It's time once again to find the most influential syllabi in a discipline—this time, philosophy—as determined by data gleaned from the Syllabus Finder. As with my earlier analysis of the most popular history syllabi the following list was compiled by running a series of calculations to determine the number of times Syllabus Finder users glanced … Continue reading 10 Most Popular Philosophy Syllabi
For those interested in the Google book digitization project (one of my three copyright-related stories to watch for 2006), Google launched an official blog yesterday. Right now "Inside Google Book Search" seems more like "Outside Google Book Search," with a first post celebrating the joys of books and discovery, and with a set of links … Continue reading Google Book Search Blog
Google has been very conservative about changing their search results page. Indeed, the design of the page and the information presented has changed little since the search engine's public introduction in 1998. Innovations have literally been marginal: Google has added helpful spelling corrections ("Did you mean...?"), related search terms, and news items near the top … Continue reading Google Adds Topic Clusters to Search Results
What would you do with a million digital books? That's the intriguing question this month's D-Lib Magazine asked its contributors, as an exercise in understanding what might happen when massive digitization projects from Google, the Open Content Alliance, and others reach their fruition. I was lucky enough to be asked to write one of the … Continue reading What Would You Do With a Million Books?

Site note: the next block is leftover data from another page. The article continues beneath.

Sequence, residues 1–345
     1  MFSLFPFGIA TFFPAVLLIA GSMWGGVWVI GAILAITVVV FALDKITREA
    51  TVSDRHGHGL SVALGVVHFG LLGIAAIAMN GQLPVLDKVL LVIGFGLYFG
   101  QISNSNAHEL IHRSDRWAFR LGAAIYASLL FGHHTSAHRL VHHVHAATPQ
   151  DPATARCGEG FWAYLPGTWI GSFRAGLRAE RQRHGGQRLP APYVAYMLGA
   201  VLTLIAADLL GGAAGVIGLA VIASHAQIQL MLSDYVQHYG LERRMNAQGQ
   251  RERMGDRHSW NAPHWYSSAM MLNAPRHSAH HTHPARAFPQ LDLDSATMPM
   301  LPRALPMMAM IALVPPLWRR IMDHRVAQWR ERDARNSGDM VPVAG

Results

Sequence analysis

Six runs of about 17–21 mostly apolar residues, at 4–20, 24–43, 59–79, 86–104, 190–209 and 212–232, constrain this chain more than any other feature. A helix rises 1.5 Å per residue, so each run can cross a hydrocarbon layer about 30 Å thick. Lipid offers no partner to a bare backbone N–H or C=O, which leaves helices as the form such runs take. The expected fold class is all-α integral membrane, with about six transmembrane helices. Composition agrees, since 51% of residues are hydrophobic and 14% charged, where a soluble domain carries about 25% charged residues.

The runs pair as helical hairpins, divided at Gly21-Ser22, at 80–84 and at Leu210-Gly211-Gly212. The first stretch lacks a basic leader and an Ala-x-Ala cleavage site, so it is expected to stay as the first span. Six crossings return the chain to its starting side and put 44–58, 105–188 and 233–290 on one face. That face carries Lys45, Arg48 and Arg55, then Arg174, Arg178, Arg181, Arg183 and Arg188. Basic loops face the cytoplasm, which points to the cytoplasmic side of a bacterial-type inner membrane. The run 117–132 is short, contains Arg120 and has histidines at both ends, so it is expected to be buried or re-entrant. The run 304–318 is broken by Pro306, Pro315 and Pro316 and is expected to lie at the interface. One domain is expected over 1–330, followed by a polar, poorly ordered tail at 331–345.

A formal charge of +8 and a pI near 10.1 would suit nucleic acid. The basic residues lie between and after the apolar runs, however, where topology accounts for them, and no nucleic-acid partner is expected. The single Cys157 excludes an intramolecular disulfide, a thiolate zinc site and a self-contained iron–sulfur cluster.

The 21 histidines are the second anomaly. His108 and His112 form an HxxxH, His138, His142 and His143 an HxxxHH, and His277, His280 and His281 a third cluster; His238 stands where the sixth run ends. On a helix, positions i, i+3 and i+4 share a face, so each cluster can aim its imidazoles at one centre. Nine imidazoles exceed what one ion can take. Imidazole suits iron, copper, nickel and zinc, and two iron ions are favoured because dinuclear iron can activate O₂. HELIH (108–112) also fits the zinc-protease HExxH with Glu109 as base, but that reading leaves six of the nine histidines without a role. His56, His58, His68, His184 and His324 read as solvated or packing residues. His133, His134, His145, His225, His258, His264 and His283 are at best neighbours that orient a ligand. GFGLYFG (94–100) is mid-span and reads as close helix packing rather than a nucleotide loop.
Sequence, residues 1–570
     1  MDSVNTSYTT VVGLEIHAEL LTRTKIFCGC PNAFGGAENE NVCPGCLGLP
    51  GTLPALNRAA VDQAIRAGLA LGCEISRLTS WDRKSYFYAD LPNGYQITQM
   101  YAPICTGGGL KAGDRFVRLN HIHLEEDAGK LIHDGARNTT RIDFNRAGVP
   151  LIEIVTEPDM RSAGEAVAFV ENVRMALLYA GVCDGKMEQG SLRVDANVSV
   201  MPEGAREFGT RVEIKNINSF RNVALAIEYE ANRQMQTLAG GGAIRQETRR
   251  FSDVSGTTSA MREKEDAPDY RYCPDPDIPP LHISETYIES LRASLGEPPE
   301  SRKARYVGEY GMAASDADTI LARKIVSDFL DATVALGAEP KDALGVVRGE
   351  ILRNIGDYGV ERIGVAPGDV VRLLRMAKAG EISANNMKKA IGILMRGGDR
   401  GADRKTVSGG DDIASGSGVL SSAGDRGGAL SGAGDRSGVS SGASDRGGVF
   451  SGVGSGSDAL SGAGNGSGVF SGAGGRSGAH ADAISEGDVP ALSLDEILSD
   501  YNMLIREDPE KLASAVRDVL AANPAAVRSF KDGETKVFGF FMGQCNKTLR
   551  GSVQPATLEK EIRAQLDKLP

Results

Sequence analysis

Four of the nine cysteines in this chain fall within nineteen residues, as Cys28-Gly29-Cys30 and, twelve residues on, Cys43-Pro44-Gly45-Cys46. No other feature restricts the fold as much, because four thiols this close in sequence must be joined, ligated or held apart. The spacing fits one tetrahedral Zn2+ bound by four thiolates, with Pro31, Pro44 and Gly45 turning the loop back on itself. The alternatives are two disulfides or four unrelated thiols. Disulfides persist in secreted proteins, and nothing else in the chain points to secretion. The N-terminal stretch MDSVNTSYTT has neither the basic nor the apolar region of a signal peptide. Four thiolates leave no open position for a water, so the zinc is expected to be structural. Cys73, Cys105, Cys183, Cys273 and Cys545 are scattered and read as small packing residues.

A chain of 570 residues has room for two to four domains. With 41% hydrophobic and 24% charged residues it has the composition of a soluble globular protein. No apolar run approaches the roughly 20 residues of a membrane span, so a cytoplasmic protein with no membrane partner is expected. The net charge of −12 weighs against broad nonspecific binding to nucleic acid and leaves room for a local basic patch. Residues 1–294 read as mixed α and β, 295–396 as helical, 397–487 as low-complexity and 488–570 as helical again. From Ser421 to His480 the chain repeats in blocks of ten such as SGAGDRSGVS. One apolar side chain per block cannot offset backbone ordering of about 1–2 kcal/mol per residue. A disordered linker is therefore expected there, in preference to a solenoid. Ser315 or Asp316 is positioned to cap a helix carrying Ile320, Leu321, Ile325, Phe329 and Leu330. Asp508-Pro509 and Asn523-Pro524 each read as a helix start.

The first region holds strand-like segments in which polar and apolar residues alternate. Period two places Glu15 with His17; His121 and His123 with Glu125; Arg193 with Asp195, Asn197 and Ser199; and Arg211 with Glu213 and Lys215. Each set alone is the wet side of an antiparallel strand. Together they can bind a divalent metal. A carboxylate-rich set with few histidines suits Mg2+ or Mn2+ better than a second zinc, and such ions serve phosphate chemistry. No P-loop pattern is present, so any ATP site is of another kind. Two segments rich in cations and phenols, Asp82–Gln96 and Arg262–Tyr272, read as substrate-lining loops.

I recently received an email from someone at the Woodrow Wilson Center that began in the following way: "Dear Sir/Madam: I was wondering if you might share the following fellowship opportunity with the members of your list...The Africa Program is pleased to announce that it is now accepting applications..." The email was, of course, tagged … Continue reading When Machines Are the Audience
In this week's issue of the Chronicle of Higher Education Roy Rosenzweig and I elaborate on the implications of my H-Bot software, and of similar data-mining services and the web in general. "No Computer Left Behind" (cover story in the Chronicle Review; alas, subscription required, though here's a copy at CHNM) is somewhat more polemical … Continue reading No Computer Left Behind
In my post "Wikipedia vs. Encyclopaedia Britannica for Digital Research", I asked you to compare two lists of significant keywords and phrases, derived from matching articles on George H. W. Bush in Wikipedia and the Encyclopaedia Britannica. Which one is a better keyword profile—a data mining list that could be used to find other documents … Continue reading Wikipedia vs. Encyclopaedia Britannica Keyword Shootout Results